So, one of my passions is worship – this kind – what we do together.  But it is too light a thing, to little a mission, just to do this well.  There is more.  We can find ways to take the Gospel to the streets, out of these four walls.

What did the choir sing this morning?  Micah 6:8.  words prophetically spoken to a people who had to do more than worship YHWH really well.  They had that down pat. The prophet Micah asked:
What does the LORD require of you?  
Justice, kindness, walk humbly with your God.
To seek justice, and love kindness,
and walk humbly with your God.  

So when we think about all the people we might reach and bring back in here – the ones who went to Sunday School here, and Awana, and Cubs/Scouts, and those who even were in the pews, or in junior choir… Think also of those around us who were never here.  Shall our mission be to them?  And, maybe it will not be about getting them into us, but getting us into them.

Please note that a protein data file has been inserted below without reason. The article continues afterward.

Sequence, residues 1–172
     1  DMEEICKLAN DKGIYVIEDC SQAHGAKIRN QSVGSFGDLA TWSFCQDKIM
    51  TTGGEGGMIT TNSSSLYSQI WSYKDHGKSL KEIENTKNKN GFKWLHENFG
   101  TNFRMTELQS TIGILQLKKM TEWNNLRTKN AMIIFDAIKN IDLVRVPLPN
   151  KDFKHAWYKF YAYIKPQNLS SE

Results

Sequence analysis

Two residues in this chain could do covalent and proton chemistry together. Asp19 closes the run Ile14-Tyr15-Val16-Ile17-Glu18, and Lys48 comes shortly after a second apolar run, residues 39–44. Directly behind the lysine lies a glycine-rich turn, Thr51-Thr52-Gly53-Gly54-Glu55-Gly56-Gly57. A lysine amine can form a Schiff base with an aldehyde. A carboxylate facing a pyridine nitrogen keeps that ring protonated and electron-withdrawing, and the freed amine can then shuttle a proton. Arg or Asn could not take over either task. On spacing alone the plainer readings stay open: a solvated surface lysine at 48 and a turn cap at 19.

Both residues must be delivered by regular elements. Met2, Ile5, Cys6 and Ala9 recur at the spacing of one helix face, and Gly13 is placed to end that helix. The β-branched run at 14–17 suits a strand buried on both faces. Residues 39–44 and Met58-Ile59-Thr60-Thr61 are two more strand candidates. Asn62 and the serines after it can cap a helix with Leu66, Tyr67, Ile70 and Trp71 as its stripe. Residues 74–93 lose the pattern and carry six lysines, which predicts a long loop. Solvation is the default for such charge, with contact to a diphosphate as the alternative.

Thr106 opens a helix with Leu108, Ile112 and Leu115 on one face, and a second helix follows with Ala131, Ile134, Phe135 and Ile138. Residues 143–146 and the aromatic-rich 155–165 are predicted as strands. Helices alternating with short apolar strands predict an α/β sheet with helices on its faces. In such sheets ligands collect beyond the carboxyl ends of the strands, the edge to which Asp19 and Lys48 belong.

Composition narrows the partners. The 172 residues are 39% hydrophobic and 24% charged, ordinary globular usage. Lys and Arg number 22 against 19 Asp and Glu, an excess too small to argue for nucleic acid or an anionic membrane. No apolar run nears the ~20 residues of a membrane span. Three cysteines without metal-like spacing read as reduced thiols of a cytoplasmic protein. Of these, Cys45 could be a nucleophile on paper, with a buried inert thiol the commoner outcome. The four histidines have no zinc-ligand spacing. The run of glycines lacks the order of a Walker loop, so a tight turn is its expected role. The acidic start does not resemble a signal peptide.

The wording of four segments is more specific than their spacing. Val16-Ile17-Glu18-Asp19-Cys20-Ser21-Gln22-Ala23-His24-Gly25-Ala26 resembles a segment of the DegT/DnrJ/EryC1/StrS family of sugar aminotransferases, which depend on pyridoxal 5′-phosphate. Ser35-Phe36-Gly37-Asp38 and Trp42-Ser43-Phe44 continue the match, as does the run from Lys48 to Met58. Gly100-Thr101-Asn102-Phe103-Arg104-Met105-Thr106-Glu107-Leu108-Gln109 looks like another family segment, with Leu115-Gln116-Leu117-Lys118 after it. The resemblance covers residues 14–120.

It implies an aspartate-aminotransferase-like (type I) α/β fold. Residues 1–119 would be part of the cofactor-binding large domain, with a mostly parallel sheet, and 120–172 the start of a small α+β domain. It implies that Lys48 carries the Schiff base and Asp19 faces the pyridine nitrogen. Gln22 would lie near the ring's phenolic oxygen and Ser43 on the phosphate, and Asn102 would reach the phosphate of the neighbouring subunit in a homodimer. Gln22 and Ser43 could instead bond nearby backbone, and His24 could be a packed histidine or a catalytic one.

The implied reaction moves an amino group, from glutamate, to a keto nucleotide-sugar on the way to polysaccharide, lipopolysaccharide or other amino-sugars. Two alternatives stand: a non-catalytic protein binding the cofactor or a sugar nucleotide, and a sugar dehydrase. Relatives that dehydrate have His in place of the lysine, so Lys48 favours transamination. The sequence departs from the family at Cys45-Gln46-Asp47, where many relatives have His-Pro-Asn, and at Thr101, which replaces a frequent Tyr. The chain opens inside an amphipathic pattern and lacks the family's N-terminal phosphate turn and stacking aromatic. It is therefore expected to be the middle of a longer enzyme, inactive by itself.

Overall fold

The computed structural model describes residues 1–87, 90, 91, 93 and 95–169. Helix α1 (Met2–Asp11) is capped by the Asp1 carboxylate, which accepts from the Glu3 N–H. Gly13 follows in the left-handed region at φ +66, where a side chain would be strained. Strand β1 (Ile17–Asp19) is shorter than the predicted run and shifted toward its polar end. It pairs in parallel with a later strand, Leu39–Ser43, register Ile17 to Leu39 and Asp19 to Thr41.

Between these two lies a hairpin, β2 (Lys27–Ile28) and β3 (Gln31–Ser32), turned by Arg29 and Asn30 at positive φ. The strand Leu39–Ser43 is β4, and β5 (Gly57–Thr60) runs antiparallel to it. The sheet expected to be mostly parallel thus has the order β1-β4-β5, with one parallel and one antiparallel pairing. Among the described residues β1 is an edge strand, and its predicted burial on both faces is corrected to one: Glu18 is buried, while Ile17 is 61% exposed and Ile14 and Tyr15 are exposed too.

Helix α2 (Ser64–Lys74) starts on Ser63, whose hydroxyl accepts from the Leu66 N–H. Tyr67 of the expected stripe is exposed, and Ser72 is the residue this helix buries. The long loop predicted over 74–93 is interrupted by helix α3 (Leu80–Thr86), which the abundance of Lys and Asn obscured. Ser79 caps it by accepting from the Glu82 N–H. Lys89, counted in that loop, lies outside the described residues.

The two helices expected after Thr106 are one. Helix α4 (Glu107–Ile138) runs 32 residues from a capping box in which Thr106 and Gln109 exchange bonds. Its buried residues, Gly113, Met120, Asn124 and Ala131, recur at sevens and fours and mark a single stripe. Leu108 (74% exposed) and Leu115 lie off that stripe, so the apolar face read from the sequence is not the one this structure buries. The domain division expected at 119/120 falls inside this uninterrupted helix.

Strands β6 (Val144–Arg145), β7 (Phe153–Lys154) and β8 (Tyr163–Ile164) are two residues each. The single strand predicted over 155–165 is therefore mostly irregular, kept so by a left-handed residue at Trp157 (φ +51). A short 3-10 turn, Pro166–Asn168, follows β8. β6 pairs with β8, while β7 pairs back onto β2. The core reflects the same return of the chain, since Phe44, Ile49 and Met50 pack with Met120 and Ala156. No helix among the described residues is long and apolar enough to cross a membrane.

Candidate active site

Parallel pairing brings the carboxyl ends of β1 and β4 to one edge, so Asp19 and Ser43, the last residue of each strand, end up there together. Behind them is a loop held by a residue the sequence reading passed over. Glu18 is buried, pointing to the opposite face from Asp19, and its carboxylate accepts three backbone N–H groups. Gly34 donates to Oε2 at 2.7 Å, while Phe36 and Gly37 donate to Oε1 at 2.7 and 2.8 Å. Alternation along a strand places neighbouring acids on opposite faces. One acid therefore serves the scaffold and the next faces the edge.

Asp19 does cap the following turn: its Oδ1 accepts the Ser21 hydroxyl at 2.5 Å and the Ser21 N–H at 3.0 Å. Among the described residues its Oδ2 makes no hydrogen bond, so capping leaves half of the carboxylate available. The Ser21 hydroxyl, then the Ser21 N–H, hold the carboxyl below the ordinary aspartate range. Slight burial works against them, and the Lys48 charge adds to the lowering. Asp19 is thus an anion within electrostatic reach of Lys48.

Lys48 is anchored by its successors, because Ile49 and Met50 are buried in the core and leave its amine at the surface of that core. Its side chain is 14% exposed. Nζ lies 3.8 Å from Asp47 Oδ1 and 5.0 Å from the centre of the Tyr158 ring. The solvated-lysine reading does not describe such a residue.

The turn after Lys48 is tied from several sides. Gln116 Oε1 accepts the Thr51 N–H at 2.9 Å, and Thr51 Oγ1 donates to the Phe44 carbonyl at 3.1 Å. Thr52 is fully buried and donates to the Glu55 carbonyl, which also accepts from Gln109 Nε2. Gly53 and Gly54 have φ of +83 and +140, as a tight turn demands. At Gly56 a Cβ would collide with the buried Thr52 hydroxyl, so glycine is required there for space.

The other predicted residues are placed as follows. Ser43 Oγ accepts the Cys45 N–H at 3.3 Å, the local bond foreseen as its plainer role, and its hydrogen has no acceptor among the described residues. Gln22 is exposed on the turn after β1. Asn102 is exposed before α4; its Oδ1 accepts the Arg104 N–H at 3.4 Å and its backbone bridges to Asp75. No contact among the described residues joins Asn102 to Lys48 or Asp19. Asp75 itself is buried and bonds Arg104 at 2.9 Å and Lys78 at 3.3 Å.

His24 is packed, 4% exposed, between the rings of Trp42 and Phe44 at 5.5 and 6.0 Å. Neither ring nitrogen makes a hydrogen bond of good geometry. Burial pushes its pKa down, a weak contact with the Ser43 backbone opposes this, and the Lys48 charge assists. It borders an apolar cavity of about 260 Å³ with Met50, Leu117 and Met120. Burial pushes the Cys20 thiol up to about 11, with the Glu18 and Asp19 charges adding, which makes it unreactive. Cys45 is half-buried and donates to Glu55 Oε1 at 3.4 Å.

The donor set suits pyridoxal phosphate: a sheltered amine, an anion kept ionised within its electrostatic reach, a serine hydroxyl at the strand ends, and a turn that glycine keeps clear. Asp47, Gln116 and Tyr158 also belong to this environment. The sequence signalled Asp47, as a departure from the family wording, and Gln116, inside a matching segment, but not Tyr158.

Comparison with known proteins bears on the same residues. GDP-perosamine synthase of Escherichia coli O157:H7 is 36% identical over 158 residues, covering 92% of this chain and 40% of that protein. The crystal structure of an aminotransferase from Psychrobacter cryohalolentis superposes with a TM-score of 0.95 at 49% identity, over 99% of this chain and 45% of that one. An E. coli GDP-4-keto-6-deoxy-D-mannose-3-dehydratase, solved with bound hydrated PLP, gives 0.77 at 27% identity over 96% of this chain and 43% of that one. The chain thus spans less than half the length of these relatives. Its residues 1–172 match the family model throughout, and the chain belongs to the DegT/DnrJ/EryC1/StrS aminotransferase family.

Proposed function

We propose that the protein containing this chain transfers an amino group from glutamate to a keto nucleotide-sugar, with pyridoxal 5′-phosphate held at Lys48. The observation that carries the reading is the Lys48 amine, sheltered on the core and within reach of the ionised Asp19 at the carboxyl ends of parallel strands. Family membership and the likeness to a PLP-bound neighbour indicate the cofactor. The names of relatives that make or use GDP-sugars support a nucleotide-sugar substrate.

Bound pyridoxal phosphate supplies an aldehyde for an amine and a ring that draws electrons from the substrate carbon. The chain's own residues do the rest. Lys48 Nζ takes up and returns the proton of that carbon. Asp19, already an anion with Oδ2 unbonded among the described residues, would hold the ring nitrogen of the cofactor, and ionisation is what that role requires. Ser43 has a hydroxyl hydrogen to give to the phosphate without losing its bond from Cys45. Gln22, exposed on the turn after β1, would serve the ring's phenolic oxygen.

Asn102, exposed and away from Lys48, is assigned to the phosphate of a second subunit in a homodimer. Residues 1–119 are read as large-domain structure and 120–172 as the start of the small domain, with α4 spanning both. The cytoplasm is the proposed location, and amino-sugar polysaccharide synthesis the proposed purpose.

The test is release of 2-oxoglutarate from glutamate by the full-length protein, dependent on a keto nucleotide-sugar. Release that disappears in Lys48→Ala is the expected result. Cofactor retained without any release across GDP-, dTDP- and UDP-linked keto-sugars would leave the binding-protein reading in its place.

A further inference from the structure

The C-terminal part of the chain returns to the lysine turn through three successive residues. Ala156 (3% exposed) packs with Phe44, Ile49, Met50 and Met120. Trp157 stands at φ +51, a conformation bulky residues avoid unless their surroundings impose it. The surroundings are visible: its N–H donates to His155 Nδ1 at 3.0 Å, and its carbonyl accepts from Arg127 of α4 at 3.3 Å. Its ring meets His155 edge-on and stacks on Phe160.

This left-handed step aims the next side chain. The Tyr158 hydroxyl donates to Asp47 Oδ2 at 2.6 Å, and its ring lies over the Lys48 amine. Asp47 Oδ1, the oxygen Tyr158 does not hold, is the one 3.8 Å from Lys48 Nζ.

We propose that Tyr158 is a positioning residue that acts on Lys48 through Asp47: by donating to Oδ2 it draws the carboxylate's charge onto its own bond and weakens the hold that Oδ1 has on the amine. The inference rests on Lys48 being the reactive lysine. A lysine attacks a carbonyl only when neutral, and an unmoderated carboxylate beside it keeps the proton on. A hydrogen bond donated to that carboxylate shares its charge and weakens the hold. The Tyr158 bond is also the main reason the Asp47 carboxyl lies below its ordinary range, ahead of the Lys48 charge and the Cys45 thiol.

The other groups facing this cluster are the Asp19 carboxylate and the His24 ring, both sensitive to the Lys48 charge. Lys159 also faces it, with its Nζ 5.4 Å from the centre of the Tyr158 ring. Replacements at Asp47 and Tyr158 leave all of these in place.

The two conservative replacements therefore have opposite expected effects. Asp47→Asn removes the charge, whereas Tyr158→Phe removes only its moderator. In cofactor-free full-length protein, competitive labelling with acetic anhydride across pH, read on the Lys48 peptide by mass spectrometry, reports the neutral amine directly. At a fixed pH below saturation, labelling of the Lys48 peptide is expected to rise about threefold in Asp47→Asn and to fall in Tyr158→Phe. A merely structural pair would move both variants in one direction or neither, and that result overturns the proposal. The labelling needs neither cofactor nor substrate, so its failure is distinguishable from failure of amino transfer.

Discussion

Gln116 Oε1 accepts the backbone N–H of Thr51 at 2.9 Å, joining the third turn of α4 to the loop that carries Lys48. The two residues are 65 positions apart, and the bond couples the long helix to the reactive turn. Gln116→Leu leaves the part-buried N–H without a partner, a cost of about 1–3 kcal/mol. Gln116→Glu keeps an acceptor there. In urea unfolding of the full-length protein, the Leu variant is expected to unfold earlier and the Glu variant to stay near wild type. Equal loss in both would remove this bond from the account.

Does Isaiah 49 say to us, now, It is too light a thing that you should be my servant to raise up the alumni of your Sunday School and to restore the Baptists of Digby Town.  I will give you as a light to the un-churched, that my salvation may reach to the ends of the municipality.  

Today is January 15th.  If we were to call all of 2017 one day, we have now completed the first hour of this day.  23 more to go.  How shall we spend these ‘hours’?  

Shall we discover some ways to help people in our own neighbourhood, who live in run-down apartments?  Or work long hours in a fish plant?  Or, retirees moving into new neighbourhood buildings with a view of the water?